Meurer & Potter Law Office, Denver, Colorado
At the Meurer & Potter Law Office in Denver, we’ve represented numerous individuals seeking a Guardianship or Conservatorship when a loved one needs support beyond their capacity. While these options share similarities, it’s important to know the difference and navigate each process with care. Our attorneys will explain everything and help find the right solution for your family.
In the absence of an advanced directive and Power of Attorney document, Colorado law enables the courts to step in through the creation of a Guardianship. This legal process enables family members to assist loved ones who are facing incapacity, advanced age or disabilities and are no longer able to manage their own care or finances. A guardian is responsible for protecting a person’s well-being.
The court proceeding to seek the appointment of a guardian is known as a “Protective Proceeding.” A person who is alleged to be incapacitated or in need of protection is called a “Respondent” unless or until a guardian is appointed. A person for whom a guardian has been appointed is called a “Ward.”
Colorado’s laws are designed to protect the rights of those alleged to be in need of services rather than those attempting to protect them. The respondent or the incapacitated person is required to be present in the courtroom, and an absence is only allowed for good cause. The respondent has the right to examine all witnesses. Emergency appointments for incapacitated adults cannot last more than 60 days before there is a full hearing and appointments of a temporary guardian cannot last more than 6 months. The respondent is entitled to an attorney and will receive one simply by requesting.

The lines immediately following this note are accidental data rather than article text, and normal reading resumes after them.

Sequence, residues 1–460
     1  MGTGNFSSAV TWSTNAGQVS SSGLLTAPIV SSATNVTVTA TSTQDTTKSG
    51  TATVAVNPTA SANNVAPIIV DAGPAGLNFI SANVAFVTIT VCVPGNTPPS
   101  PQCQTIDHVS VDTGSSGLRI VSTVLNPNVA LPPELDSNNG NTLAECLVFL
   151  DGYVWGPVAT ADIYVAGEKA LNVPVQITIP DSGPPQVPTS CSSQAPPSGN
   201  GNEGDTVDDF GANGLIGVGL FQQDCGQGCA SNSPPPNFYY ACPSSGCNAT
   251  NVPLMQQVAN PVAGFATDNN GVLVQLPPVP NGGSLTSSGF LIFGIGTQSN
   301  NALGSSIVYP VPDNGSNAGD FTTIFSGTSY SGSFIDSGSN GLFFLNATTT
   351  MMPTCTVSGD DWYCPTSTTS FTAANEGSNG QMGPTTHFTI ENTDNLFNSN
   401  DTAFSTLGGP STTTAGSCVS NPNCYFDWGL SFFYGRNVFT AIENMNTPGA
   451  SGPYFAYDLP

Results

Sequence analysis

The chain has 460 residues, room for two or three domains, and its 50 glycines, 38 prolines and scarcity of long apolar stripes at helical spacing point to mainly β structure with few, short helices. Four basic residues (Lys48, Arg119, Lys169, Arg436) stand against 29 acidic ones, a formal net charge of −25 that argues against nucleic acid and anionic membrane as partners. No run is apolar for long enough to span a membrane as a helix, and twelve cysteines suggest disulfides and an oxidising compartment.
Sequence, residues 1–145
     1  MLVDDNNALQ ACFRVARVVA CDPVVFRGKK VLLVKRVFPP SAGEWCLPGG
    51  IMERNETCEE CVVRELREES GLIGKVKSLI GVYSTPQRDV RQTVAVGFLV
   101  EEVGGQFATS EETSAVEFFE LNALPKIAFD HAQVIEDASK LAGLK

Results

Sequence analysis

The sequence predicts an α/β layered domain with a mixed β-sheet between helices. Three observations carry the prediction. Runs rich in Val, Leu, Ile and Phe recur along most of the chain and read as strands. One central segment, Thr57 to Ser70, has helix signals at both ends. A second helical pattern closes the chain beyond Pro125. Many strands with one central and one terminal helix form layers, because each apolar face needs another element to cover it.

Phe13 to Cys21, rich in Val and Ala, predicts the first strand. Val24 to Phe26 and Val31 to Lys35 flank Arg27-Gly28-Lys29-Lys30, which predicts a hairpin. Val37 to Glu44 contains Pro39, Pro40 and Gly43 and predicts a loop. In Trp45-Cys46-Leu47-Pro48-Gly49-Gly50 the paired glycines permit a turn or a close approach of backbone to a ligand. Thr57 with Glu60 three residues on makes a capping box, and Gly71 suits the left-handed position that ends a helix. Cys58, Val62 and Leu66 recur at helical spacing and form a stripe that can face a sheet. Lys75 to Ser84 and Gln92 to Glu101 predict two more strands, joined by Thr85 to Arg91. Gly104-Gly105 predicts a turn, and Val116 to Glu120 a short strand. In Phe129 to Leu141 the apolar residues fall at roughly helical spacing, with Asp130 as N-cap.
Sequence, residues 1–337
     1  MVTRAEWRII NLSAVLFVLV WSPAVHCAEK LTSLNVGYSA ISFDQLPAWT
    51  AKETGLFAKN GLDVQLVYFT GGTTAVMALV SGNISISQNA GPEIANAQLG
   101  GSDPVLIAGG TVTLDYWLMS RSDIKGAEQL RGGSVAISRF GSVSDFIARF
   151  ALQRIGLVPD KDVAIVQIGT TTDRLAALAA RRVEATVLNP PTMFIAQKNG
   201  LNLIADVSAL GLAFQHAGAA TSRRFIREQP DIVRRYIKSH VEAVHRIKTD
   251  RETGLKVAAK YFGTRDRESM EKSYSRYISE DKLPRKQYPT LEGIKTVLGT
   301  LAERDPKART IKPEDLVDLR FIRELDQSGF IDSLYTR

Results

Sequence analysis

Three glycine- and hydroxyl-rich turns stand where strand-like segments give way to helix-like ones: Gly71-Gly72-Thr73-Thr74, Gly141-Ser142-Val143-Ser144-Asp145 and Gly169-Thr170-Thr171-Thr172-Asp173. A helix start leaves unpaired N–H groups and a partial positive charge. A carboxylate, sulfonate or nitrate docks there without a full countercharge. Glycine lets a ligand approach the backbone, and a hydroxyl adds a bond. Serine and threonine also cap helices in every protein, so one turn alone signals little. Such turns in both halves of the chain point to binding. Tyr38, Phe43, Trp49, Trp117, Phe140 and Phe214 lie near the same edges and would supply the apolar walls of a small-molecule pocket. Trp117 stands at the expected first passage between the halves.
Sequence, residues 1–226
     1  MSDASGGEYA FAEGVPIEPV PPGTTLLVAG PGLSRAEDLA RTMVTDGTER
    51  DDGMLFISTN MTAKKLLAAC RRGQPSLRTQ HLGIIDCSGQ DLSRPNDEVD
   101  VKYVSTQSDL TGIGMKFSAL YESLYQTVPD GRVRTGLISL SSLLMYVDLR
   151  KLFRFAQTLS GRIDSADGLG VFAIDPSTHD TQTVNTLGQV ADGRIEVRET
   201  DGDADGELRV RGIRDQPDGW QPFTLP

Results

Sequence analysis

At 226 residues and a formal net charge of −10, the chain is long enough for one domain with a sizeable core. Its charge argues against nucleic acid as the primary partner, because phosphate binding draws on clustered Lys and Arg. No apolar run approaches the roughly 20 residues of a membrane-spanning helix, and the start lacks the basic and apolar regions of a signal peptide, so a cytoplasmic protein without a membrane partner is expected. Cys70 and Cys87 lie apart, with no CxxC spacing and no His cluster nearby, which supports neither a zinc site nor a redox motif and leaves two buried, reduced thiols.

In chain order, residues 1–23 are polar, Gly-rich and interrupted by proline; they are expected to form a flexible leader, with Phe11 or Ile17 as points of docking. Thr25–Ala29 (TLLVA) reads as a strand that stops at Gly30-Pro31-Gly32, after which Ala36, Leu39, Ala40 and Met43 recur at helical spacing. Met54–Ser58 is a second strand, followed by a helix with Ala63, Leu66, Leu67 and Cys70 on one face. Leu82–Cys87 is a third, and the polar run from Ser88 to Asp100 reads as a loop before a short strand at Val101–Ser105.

The Meurer & Potter Law Office has represented both respondents and those seeking a Guardianship. Often this involves medical reviews and the appointment of a visitor of the court who will typically meet and speak with the respondent as well the family members petitioning for the Guardianship.
Without a Durable Financial Power of Attorney and/or Revocable Living Trust, Colorado law enables the courts to step in through the creation of a Conservatorship. If you are unable to conduct business due to a mental or physical incapacity, a conservator is responsible for your estate or financial affairs.
A court proceeding to seek the appointment of a conservator is referred to as a “Protective Proceeding.” The person alleged to be incapacitated or in need of protection is the “Respondent” until a conservator is appointed. A person for whom a conservator has been appointed is called the “Protected Person.”
Colorado law protects the rights of those to be protected rather than those attempting to protect them. The respondent is required to be present in the courtroom or absent with a good cause. A respondent has the right to examine all witnesses. Emergency appointments for incapacitated adults cannot last more than 60 days before there is a full hearing. Appointments of a temporary conservator cannot last more than 6 months. A respondent is entitled to an attorney and will receive one simply by requesting.
Once the court becomes involved with a Conservatorship, it usually stays involved until the person recovers or passes. The court will supervise how your assets are used for your care. This process is expensive, time-consuming, and difficult to end if you recover. Further, a Conservatorship does not replace probate upon your death.
Whether you want to avoid the proceedings for a Guardianship or Conservatorship or find yourself in need of representation during one, the Meurer & Potter Law Office in Denver will help you and your family achieve a positive outcome. We are highly experienced working with all parties and the Colorado court system. We’ll guide you through each step and answer any questions you might have along the way.
Call or contact our offices today to schedule your free consultation: 303-991-3544